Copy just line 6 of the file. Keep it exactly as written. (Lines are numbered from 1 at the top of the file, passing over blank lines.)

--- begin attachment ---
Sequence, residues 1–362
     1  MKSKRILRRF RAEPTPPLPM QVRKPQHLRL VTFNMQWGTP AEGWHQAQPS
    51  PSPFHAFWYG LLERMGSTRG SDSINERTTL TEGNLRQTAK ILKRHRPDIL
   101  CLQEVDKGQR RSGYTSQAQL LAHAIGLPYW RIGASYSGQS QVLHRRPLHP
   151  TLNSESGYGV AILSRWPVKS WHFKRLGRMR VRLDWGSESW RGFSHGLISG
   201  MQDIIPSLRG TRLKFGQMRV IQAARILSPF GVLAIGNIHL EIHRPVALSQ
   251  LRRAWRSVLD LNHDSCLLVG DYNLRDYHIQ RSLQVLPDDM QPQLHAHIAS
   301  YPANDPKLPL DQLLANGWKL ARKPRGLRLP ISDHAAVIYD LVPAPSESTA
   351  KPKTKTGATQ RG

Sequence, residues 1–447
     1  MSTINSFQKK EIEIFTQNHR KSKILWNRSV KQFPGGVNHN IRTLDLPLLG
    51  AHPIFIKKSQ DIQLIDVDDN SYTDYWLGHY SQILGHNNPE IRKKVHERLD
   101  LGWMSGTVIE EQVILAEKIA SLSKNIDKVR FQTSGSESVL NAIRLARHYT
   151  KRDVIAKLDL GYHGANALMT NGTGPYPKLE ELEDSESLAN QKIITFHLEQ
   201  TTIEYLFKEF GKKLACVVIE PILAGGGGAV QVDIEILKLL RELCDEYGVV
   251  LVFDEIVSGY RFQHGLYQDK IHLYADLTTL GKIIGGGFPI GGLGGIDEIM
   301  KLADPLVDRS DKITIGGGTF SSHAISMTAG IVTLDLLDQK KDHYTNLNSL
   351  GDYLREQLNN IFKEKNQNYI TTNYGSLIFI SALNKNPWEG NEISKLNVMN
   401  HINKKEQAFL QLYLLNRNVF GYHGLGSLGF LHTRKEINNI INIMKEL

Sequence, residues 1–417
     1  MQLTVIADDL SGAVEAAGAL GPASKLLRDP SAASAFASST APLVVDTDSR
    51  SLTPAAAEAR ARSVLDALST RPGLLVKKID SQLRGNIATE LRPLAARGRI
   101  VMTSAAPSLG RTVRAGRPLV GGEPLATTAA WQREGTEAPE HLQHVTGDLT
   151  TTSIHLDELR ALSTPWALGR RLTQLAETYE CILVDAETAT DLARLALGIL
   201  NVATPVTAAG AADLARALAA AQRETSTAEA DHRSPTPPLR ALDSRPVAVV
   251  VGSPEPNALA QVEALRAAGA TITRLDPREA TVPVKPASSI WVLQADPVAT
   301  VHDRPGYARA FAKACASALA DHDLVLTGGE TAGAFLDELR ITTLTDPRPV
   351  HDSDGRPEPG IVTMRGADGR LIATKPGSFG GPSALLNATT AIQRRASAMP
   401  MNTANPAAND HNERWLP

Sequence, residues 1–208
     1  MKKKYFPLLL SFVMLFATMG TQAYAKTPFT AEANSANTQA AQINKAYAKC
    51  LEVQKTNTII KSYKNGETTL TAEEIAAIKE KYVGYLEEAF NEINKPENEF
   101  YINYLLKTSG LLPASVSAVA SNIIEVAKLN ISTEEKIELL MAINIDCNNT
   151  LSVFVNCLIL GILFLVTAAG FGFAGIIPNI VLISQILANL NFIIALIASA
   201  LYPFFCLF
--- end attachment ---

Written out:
   201  MQDIIPSLRG TRLKFGQMRV IQAARILSPF GVLAIGNIHL EIHRPVALSQ